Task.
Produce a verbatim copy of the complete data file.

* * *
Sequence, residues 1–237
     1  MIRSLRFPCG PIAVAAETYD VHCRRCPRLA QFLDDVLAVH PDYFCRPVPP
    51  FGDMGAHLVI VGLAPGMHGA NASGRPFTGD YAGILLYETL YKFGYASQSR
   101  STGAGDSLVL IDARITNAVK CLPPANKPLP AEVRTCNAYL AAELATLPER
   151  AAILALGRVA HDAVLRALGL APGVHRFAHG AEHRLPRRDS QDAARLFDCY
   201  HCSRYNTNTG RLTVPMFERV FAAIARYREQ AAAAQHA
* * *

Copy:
Sequence, residues 1–237
     1  MIRSLRFPCG PIAVAAETYD VHCRRCPRLA QFLDDVLAVH PDYFCRPVPP
    51  FGDMGAHLVI VGLAPGMHGA NASGRPFTGD YAGILLYETL YKFGYASQSR
   101  STGAGDSLVL IDARITNAVK CLPPANKPLP AEVRTCNAYL AAELATLPER
   151  AAILALGRVA HDAVLRALGL APGVHRFAHG AEHRLPRRDS QDAARLFDCY
   201  HCSRYNTNTG RLTVPMFERV FAAIARYREQ AAAAQHA